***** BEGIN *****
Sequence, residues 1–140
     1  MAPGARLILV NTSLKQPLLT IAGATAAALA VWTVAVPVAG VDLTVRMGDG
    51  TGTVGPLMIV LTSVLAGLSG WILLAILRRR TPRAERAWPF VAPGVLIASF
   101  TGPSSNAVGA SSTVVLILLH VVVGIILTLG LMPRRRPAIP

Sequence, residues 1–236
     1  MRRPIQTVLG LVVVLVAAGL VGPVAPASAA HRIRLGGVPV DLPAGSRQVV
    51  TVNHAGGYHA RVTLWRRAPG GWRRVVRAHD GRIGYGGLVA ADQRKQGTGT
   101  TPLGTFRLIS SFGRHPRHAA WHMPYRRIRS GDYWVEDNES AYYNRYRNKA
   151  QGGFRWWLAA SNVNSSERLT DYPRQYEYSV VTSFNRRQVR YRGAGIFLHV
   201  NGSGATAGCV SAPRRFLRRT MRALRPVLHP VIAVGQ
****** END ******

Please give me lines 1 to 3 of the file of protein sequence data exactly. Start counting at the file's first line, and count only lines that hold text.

Sequence, residues 1–140
     1  MAPGARLILV NTSLKQPLLT IAGATAAALA VWTVAVPVAG VDLTVRMGDG
    51  TGTVGPLMIV LTSVLAGLSG WILLAILRRR TPRAERAWPF VAPGVLIASF